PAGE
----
The small compassion, being bogus especially in light of the last and only shouting fit she'd ever seen out of him, but is no reason to be alarmed in and of itself. It's just like her, and Deckard, and Fedor, and the rest of the bizarre, barely-strung-together alliance of… whatever the fuck they are, to pat Teo on the head whenever he's up in arms about something. Either that, or bring missiles. He frowns where she can't see it, before noticing that she's pulled up the terrycloth.


"But someone fucked up his old injuries. Doesn't make any fucking sense that it was you, but there's trouble if he thinks it was. He was already balancing out excuses for and against throwing his honor out the window and you under the fucking bus." Teo's head cants forward slightly, prelude to his center of balance tilting forward. He finds his feet in a scuff of shoes, turns to put his face in through the bar of bedroom light. He looks tired. Scuzzy, ragged at the jaw and hollow-eyed under the stubborn, still-beating, machine-like mania that got him all the way out here; that will get him back to where he needs to be before sunrise. "I'm sorry you're hurt and I know you must be tired. I won't pry."

Teo's features tense a moment, creases, digs crows-feet in at the corners of his eyes. Reminding himself that he has a face, or trying to wake the fuck up, maybe. When they relax, however, he studies the young woman with a mangled, watercolor-blurred mixture of incipient apology, residual suspicion, and grindstone bad temper that she probably has nothing to do with all tangled up in the lines of his forehead. "If you'd call some birds for me right now, just up to the window or something— I'd appreciate it."

Eileen allows herself, of all things, a smile. "You won't pry," she murmurs, "but you want me to call some birds for you. I see." It isn't a yes but any stretch of the imagination, but it isn't a no either. Not yet. She elects to take a seat on the edge of the bed, wincing when she does, and pulls her good leg up onto the mattress with her. "You're right. I am hurt, and I am tired. Give me a few minutes to focus. I'll— try. For you."

Because trying is all she can do. It won't work. She's spent the last few days struggling to get in touch with her center again, only to be rewarded with the return of old aches and pains, a soreness in her lungs that won't leave and aggravates her breathing. "Have to admit, making people bleed sounds like a pretty fancy trick. I know a couple people who'd kill to have something like that as part of their personal repertoire."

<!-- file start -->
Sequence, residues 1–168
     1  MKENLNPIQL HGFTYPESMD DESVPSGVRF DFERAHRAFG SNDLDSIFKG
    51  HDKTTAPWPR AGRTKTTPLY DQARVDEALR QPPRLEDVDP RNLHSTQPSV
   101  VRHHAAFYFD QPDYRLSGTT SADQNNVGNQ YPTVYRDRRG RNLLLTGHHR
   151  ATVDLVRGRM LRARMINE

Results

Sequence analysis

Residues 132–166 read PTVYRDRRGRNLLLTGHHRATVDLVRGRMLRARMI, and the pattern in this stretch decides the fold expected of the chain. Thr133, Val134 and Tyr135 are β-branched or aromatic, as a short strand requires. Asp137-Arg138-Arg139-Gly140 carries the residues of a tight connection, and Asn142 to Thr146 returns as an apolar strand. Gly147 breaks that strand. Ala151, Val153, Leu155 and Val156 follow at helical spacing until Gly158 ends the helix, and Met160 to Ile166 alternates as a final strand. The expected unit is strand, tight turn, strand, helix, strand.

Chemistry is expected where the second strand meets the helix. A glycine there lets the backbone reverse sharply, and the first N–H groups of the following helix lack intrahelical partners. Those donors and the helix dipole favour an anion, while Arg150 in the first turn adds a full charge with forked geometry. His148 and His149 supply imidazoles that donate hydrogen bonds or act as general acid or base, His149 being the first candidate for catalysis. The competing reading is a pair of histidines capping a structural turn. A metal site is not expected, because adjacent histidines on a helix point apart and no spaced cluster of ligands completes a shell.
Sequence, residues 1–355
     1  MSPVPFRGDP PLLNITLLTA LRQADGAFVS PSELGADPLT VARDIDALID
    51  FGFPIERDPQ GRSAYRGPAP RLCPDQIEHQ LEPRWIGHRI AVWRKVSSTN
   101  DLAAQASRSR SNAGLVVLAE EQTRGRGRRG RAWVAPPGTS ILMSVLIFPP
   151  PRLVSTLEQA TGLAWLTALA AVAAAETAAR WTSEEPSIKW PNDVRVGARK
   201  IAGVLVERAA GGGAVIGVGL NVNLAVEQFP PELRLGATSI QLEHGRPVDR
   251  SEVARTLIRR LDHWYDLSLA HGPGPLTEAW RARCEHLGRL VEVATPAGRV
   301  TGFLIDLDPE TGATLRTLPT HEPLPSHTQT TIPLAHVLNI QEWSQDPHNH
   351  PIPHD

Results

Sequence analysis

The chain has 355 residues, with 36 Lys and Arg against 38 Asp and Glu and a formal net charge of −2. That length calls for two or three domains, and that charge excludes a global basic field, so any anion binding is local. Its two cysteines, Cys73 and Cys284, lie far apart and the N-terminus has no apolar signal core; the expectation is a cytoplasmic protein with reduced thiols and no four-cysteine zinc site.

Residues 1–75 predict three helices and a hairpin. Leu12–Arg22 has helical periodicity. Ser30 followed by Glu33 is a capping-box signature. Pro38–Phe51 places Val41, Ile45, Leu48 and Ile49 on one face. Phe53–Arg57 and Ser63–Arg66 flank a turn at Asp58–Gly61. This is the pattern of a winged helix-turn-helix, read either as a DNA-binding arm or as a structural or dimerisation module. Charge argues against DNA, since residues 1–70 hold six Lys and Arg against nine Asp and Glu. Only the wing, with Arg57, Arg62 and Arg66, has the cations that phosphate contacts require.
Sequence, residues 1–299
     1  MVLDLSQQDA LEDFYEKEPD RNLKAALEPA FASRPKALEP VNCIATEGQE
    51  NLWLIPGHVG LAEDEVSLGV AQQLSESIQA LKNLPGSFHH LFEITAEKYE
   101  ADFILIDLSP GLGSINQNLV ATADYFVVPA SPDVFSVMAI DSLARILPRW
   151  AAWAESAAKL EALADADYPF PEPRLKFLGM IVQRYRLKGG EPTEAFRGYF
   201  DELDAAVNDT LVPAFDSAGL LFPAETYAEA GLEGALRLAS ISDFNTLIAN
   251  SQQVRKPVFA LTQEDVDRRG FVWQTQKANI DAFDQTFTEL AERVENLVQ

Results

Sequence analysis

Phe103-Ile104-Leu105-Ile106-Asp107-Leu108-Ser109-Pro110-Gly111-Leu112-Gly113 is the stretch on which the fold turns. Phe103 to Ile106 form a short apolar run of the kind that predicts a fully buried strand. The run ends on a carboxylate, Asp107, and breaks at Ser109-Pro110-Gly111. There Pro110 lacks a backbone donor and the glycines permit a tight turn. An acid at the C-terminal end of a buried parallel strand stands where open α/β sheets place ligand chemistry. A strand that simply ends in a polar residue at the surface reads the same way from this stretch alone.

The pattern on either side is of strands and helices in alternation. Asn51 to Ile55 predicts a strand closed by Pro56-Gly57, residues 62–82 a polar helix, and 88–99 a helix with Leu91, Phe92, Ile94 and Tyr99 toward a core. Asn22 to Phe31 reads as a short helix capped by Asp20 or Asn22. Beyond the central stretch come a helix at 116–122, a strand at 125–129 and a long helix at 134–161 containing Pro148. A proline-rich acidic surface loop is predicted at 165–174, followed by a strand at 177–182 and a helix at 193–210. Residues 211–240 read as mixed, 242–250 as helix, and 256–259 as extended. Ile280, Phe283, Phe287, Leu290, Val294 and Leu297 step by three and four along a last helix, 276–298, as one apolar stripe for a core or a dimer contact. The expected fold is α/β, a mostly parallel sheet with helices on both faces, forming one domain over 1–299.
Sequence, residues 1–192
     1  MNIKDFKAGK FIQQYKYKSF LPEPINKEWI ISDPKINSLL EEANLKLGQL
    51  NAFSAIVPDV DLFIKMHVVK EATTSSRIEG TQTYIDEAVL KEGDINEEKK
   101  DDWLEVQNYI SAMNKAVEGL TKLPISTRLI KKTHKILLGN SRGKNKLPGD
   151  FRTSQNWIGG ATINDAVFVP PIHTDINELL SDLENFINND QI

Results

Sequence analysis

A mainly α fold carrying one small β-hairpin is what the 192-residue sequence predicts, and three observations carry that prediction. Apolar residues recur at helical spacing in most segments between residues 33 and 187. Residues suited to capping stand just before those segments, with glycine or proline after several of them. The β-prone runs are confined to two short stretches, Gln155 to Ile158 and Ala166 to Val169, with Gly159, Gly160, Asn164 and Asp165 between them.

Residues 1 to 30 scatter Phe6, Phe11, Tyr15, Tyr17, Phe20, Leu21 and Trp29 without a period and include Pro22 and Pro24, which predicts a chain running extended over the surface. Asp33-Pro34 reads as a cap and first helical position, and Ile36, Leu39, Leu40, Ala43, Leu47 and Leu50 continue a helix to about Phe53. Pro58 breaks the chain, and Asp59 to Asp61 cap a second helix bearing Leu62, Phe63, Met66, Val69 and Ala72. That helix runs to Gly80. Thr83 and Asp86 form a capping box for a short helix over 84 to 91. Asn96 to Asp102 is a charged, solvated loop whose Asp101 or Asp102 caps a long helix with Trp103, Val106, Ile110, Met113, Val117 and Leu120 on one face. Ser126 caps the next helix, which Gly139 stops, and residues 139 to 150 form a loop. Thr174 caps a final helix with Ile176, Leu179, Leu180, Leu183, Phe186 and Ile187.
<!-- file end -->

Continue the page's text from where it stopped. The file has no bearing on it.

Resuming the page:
She humors him, smiling as she does it. Humored, Teo fails to, though there's a twitch of the hollows of his cheeks "One of which spent up to two months in jail not far from dozens of nutcase assholes. Has control issues, and tried to kill you once, if I remember right. I think he'd do a shit job pretending to be anything like you, though." And even when he's bumbling around amid his haze of amnesia like a Down's syndrome retriever puppy, Felix is good at reading people.

"I don't believe Gabe would. Hate to think there are others. I went over it on my way here."

Teo's colors aren't all here, but it's difficult to tell whether he's feeling faded, restraining himself, or some mix of that and distracted by the heel Eileen has planted squarely in his conscience. He's looking at the window by the time he figures out he should shut up and let the young woman concentrate. He puts his hands in his pockets. Any moment now, a drove of spectacularly nocturnal pigeons will crowd the pane with the flashing silver down of the undersides of their wings.

He'll get to go— home, or to a reasonable facsimile thereof. Wake up in time to drive-by growl at Felix's window, that he has the wrong woman. Monster. Thing. Leave her alone. Go hunt a shifter. She's one of mine now. And I have a vacation to pack for, five or six other displaced operatives and ability swaps to ignore.

Any moment now.

"If you don't think Gabriel would go after Ivanov, then you don't know him very well." Eileen avoids looking directly at the window or her distorted reflection in the glass, aged ripples making the pane appear like something straight out of a carnival funhouse. If she's lucky, there are pigeons already roosting on the ledge outside, their bodies huddled together, heads tucked under wings in a cozy show of solidarity. "He had him arrested. Shipped off to Moab. It wouldn't be the first time, either."

His assessment of Peter, on the other hand, is spot on. Better, she can use it. "You're right about Petrelli, though," she says, gaze shifting from the sill to the towel's lowermost hem and the pink spot that has begun to soak through the weave. "He doesn't know me, couldn't pass for me, and last I checked he couldn't take anybody's shape but his own. Gabriel— Gabriel has everything that I am. My thoughts, my memories. Carries it around in his pocket like a whole lot of loose change. What's he been doing since you two got back, do you know?"

A pale eye swivels toward the young woman, the eyebrow above it arching higher than you'd expect on his forehead. It might be naivete that inspires Teo to say so, but honestly, if that were to come from either of them— it might as well be the one who sat under the stars of Botswana, swigging grain alcohol, and talking about innies and outies and the various and sundry difficult conundrums attached to the personalities attached to the nethers.